Porch recently conducted a survey that revealed that DIY projects could lead to disagreements between couples. Some of these arguments can get very heated. Fights between couples can occur during DIY projects, regardless of whether DIYers are married or at another stage in their relationship. Sometimes they argue over who made a mistake. They may also disagree about the direction, cost, and final results.
It’s important that couples don’t eat too much – as a rule of thumb, Michael DiMartino, Senior Vice president of Installations at Power Home Remodeling in Chester, PA, says.
He suggests that older homes be broken down into smaller projects and think about how much work can be done in three, six, or twelve months. Prioritize all time-sensitive projects, big and small, first before you buy a fixer-upper.
Here are the most likely DIY projects to cause disputes and the percentage of respondents who said they had fought before, during or after the project. Freshome also asked experts to comment on the potential for complications and even arguments.
Rewiring or electrical wiring: 43.6%
Experts agree that serious mistakes can be costly and that money saved is not worth the risk. I always advise people to avoid DIY electrical work. The consequences of a badly done job can be as simple and as severe as a light not turning on or a hidden fire source.
Although it may seem like an easy project, Mark Scott, President and CEO of MarkIV Builders, a company that builds luxury homes in Washington, DC, Bethesda, MD, and Bethesda, MD, warns you about the potential dangers of taking on an electrical project. It is dangerous and could lead to more damage than the cost of fixing it yourself.
It’s not surprising that this project would cause a lot of conflict between couples. DiMartino states, “I always advise my customers to save energy and sweat equity for projects where the consequences of an incomplete or incorrect job don’t have any potential to be dire.”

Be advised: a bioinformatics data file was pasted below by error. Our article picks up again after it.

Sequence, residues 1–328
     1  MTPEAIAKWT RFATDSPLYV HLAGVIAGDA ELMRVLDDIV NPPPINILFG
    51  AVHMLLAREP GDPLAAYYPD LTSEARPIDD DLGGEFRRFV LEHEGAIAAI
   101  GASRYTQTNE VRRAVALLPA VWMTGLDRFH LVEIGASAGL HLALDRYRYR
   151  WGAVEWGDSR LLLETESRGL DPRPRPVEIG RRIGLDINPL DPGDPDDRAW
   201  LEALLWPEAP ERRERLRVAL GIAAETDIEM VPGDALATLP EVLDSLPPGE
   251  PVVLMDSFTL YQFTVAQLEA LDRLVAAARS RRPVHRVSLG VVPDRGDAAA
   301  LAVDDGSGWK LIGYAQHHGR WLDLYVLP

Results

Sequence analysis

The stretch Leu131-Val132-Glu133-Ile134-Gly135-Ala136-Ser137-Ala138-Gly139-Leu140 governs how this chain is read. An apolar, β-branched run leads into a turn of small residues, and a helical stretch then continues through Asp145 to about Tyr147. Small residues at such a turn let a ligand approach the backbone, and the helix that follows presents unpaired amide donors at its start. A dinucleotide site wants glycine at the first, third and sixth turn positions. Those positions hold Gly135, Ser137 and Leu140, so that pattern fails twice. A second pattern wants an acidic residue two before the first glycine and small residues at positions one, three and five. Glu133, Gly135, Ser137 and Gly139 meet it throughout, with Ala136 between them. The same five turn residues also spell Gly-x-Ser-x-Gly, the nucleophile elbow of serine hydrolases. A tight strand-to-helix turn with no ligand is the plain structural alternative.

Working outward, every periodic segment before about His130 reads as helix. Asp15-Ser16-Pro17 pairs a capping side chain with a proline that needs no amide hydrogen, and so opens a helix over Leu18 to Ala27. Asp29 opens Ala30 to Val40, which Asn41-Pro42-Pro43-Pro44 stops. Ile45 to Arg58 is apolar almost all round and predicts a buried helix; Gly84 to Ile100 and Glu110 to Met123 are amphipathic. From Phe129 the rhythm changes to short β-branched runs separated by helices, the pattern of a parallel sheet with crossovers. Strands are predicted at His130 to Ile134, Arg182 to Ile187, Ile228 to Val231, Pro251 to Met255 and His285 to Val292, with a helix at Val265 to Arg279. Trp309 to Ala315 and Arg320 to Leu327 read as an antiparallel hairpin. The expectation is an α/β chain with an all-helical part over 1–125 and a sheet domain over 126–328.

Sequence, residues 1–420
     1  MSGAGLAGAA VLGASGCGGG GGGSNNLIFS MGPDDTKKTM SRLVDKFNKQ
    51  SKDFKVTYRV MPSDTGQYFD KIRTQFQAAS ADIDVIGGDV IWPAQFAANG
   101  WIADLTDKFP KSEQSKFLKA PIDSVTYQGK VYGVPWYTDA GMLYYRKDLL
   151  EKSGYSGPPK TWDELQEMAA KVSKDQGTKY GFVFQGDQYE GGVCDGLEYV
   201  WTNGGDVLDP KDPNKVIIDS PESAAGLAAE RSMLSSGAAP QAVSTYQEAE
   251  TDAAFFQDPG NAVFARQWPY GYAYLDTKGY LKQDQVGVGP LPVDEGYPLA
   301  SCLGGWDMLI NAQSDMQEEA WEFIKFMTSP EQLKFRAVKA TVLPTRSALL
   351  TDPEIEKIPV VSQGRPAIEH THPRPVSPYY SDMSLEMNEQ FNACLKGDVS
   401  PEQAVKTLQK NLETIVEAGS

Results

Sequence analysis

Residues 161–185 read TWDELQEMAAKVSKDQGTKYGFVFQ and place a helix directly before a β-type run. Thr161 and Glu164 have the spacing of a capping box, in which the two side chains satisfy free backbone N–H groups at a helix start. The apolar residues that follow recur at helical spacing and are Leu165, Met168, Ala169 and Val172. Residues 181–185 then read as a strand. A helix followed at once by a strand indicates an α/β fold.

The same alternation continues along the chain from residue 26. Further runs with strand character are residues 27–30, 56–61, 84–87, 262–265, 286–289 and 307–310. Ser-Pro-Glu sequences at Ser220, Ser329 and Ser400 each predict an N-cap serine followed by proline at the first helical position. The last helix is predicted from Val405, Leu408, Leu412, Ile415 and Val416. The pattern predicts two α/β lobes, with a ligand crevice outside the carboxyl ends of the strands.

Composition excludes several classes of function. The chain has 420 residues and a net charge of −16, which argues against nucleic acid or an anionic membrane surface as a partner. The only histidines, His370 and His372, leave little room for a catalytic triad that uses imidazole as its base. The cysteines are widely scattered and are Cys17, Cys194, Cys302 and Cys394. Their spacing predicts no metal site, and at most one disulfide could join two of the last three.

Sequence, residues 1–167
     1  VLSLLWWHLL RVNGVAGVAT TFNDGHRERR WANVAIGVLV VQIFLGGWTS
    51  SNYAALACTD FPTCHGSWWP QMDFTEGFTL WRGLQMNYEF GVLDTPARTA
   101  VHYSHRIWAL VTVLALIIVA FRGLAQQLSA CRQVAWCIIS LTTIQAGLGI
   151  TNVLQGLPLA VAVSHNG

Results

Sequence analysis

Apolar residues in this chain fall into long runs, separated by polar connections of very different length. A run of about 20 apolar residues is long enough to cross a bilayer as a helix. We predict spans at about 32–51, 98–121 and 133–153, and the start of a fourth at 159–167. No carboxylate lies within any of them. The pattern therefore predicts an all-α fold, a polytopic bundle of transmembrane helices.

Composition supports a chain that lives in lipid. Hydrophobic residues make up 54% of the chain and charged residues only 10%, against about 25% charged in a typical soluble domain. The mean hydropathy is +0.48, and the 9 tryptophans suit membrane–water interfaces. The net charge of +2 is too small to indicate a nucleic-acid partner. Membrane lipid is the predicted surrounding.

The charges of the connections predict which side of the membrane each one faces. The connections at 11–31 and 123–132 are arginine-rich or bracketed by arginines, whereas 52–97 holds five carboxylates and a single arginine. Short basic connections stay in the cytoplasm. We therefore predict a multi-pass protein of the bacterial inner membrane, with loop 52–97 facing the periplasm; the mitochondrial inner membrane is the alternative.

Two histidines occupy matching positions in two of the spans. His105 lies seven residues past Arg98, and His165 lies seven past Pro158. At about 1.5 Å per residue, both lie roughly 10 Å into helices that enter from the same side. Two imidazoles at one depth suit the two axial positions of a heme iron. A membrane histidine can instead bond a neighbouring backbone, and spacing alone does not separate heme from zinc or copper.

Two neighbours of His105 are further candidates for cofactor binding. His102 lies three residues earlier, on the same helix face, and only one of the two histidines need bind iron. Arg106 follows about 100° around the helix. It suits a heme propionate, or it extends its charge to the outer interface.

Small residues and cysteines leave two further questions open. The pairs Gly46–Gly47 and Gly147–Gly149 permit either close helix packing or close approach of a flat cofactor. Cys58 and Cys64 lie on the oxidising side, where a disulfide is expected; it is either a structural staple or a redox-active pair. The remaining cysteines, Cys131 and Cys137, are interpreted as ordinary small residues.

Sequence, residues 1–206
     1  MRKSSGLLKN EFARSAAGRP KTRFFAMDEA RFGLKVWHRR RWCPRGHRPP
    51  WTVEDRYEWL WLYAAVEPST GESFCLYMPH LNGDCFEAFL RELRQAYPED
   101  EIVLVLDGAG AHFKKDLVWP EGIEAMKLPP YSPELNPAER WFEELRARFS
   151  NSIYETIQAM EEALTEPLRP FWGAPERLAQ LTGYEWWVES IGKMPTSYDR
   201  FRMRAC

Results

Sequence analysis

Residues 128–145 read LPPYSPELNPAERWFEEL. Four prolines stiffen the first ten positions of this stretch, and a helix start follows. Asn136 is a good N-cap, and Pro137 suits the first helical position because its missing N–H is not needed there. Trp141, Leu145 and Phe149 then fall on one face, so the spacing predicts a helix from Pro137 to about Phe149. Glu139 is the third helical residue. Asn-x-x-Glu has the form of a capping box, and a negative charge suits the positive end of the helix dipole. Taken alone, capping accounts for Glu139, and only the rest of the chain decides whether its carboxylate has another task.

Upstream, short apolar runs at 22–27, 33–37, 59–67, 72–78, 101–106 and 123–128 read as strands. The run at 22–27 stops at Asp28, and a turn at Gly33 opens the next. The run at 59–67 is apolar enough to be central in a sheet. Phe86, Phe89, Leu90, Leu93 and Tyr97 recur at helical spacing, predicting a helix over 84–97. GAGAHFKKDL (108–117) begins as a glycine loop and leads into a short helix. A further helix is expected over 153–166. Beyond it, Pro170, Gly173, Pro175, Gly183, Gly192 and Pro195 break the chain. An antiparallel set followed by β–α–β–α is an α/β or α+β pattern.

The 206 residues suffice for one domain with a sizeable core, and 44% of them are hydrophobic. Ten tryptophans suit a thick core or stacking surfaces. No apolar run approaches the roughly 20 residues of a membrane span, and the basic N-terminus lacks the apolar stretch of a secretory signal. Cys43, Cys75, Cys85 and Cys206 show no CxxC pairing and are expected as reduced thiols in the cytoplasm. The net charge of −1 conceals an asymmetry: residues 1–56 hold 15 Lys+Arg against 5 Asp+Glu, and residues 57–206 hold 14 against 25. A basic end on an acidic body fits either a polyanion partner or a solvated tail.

Drywall hanging and patching: 41.7%
It’s not a difficult project, so it shouldn’t lead to many disputes. Outlaw warns that it can be hard to get a high-quality result if you don’t have enough practice. Hanging drywall can be a tedious task for DIYers. Even a well-designed patch may need several coats of drywall with some sanding. Outlaw says it is not difficult to hang drywall, but it can be tedious and dusty work.
Michael McDermott is the Owner/Production Manager of CRD Design Build in Seattle. He doesn’t find any reason to doubt that this project could cause conflict between him and his family. General contractors rarely have their crew hang the drywall. McDermott suggests that you leave them hanging, taping and mudding to professionals.
Ceiling fan installation: 38.2%
Scott believes that this project is not electrically related, but any couple can do it. “If you don’t have the experience to install this type of project, we recommend ceiling fans that are ‘easy to install’. These ceiling fans come in 90% assembled and require only the homeowner to place the blades and bowl. However, you must ensure that the ceiling box can support the fan’s weight. Scott warns that this mistake can cause serious damage, proving costly and potentially dangerous.
Exterior paint 32.7%
Although it sounds easy, this project can be quite complex. Proper preparation is key to proper painting. Outlaw says that many DIYers fail to apply the proper primer or paint for exterior applications. This can cause flaking, mildew problems, and a less professional look.
If you want the job done right, there are many other things to consider. Scott suggests that you ensure someone is there to help you hold the ladder when working on the roof or side of your house. This will make it easier for you to complete the job safely. You could also run into problems if you don’t know the correct temperature range for exterior paint.
Flooring installation: 30.0%
Although flooring installation is easy to do yourself, our experts have some tips. Proper flooring installation is also dependent on the preparation. Outlaw says that the subfloor or concrete slab might need to be leveled or repaired. Use measuring tapes to measure the space and lay the tile.
Scott is adamant that DIYers can do it and stresses the importance of measuring. This is the one area of remodeling where it is not acceptable to make a mistake. It is important to measure accurately, especially around obstructions such as islands or fireplaces, to make the project a success. Scott suggests consulting a professional remodeling company or a local hardware store if you have questions.